In part 1 we covered the basics of metal manufacturing bringing you to the point of having a raw casting, this part discusses adding finishes, colors and imprints.
Pre – Finishing
Any metal product, regardless of how it is produced, comes out of the die with rough edges and dull surfaces. The quality of the finished product is completely dependent on the pre-finishing work done before plating, or color filling.
The first step in pre-finishing is to remove rough edges, or die parting lines. This is done by tumbling the pieces in special finishing media (this process is called tubbing or vibing). As the pieces tumble (or vibrate) through the media, sharp edges are dulled and metal shavings are removed. One sure fire way of gauging the quality of a piece is to check the edges for sharpness. All PinLine pieces are pre-finished to remove all sharp edges – so our pieces will never catch on clothing!
After tubbing, other pre-finishing steps are done. If a piece has many flat areas in the design, it will require polishing to bring the flat areas to a bright shine. Many manufacturers will offer polishing but give you just another tubbing operation. At PinLine our expert polishers hand polish the pieces on a special felt wheel – using methods long forgotten by our competition. The end result is a quality finish that is unsurpassed bringing the piece to a high shine.
Another common pre-finishing technique is “satin” finishing. This process produces a brushed look in the final product. The piece is rubbed against a polishing wheel which is spinning at high rpm. The wheel is coated in a special rubbing compound which produces the satin look.
Finally, after the piece is polished (or satined) it must be cleaned. Because polishing compounds are very viscous, we must use a special cleaner to remove the polishing residues. At PinLine we use a special, environmentally friendly de-greasing agent in an ultrasonic cleaning machine to remove all residues prior to plating.
Once the piece is tubbed, polished and degreased it can now be plated. Plating (electroplating) adds a thin layer of metal (e.g. gold, silver, nickel, and brass) to the piece. The piece is submerged in a liquid solution containing particles of the desired finish.
As an electric current is passed through the piece, the particles come out of solution and permanently bind to the piece. There are two main methods of plating: barrel plating and rack plating. In barrel plating the pieces are tumbled in a barrel that contains the solution. As they move around in the barrel they come in contact with electrodes which charge the pieces and bind the metal to the piece. In rack plating, the pieces are individually placed on a rack which is then submerged in the solution. The rack is attached to the electrodes and the current passes through the rack and into the pieces, binding the metal to the piece. Both processes accomplish the same thing but there are significant differences.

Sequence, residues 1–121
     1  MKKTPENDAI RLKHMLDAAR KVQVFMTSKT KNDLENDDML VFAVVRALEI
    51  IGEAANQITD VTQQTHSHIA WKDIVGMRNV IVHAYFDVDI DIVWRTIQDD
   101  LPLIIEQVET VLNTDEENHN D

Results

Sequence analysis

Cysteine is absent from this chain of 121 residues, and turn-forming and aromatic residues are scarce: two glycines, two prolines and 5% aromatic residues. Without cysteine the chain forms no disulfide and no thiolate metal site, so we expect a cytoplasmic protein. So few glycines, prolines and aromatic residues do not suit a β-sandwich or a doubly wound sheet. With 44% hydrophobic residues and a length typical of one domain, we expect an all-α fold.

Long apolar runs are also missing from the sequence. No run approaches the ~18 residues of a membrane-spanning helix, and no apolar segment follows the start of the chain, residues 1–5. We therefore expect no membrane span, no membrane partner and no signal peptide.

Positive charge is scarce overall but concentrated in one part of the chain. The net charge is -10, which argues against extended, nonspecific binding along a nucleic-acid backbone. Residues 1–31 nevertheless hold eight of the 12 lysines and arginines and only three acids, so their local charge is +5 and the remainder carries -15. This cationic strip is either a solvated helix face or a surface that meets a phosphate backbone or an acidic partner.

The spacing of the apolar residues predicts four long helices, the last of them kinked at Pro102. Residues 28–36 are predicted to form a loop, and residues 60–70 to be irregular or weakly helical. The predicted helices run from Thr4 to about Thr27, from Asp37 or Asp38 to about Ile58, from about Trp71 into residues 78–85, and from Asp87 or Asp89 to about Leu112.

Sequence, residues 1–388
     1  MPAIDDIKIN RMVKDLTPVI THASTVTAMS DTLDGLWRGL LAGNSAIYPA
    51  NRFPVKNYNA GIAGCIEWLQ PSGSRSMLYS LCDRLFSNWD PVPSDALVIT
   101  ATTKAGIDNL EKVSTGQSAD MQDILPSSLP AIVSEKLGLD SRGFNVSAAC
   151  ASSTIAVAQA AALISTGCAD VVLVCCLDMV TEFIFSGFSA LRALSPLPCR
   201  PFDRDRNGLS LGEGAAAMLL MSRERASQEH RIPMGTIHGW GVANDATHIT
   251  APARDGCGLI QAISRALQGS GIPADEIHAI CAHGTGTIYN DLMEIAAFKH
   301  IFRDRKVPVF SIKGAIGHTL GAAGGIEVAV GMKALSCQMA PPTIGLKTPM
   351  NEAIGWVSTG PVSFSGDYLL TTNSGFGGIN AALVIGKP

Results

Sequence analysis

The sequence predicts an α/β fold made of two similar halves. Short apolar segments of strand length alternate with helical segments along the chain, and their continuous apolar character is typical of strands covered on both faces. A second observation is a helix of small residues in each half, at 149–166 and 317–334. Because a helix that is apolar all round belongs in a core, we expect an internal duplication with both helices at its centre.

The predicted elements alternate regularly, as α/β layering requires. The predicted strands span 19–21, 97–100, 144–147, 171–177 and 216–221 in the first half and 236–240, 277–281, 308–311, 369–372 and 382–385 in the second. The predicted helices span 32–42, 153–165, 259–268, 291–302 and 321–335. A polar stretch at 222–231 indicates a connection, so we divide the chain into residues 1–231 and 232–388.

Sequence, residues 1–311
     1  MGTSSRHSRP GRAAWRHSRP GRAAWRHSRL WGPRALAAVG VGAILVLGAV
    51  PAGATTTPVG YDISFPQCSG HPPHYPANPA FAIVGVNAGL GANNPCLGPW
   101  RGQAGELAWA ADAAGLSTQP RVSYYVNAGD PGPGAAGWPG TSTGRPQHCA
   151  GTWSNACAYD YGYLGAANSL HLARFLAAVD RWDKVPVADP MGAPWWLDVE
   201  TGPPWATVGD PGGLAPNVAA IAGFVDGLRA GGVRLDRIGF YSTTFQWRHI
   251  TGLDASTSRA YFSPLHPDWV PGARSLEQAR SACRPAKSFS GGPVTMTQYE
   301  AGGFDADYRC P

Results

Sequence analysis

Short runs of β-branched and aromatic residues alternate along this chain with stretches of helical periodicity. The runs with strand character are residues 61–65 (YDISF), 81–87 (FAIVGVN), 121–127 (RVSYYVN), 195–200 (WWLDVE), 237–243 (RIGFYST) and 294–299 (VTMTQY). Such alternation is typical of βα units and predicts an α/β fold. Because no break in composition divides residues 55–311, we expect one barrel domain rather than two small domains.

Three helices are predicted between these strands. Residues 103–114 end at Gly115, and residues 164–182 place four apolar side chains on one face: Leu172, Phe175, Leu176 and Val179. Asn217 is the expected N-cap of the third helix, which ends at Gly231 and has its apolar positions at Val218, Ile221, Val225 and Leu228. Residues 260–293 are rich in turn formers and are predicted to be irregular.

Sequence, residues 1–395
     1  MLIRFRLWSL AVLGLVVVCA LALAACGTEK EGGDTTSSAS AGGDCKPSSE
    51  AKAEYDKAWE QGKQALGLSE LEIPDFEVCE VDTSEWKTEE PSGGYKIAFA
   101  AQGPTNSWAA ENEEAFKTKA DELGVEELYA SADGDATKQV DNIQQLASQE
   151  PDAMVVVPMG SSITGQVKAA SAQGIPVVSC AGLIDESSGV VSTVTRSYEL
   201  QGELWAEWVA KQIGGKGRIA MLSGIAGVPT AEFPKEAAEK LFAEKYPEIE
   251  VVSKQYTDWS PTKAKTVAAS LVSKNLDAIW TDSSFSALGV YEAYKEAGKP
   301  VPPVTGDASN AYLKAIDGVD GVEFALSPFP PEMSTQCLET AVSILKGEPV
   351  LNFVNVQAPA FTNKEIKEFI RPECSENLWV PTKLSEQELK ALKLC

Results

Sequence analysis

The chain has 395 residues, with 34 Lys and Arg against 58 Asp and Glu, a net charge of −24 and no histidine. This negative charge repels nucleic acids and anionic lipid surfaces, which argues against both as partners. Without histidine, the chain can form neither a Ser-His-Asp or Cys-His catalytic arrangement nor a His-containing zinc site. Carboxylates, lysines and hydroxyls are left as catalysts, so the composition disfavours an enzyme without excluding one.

Barrel plating, as we described above, tumbles the pieces around. If you are looking for a high gloss finish, you would not want to use barrel plating because during the tumbling process, the pieces will bang together causing pits. However, if the piece does not have flat polished surfaces, barrel plating may be appropriate. For highly polished pieces, or for large heavy pieces, rack plating is preferred. As you might have guessed, rack plating is more expensive because it requires that the pieces be placed on the racks by hand. At PinLine we are experts at all plating finishes and will gladly help you design a piece and choose the appropriate finishing process.
Now that we have a piece that has been tubbed, polished and plated – it is time to add color. There are a number of ways to add color but for most processes there is one key concept to keep in mind. Color is applied as a liquid (like paint). Think of the color as water in a river. A river needs a left bank and a right bank or the water would spill out and you’d have a flood! It’s the same way when adding color on a metal piece. You need a wall of metal to contain the color – that means that you can’t have colors right next to each other without a wall between them or they would run together. This is a key point to remember because it determines how you’ll design the piece from the start and this principle applies to many processes (cloisonné, brass etched, jewelry cast, die cast, die struck)
There are ways to add color without having a “river bank” between colors. This can be accomplished by printing over an existing color. We do this quite often on cloisonné (called laser cloisonné) and it can be accomplished in other processes. Everyone at PinLine is able to help you decide which process will achieve your objective and will help you steer your customer in the right direction.
In addition to adding colors to achieve a specific design, you can also use color to create contrast and add depth to a piece. This is called an “antique” finish. Antiquing adds color (usually black) to a textured background to create contrast with a raised area which does not hold color. One way to accomplish this is called black wash. In the black wash process, a thin black paint is applied to the piece, allowed to semi-dry and then excess paint is wiped off. This leaves some dark color in the recessed, textured areas while leaving the top portions shiny.
A second way of antiquing a piece is through a chemical reaction called oxidation. Chemicals are used to cause a reaction between the metal (usually brass or pewter) and air. When it oxidizes, the outer part turns black. Once a uniform black cover is achieved, the top portions are hit by hand on a satin wheel (see above) or tubbed to remove most of the black, leaving the original finish. The recessed areas keep the black oxidized look and then the whole piece is lacquered to stop any further oxidation.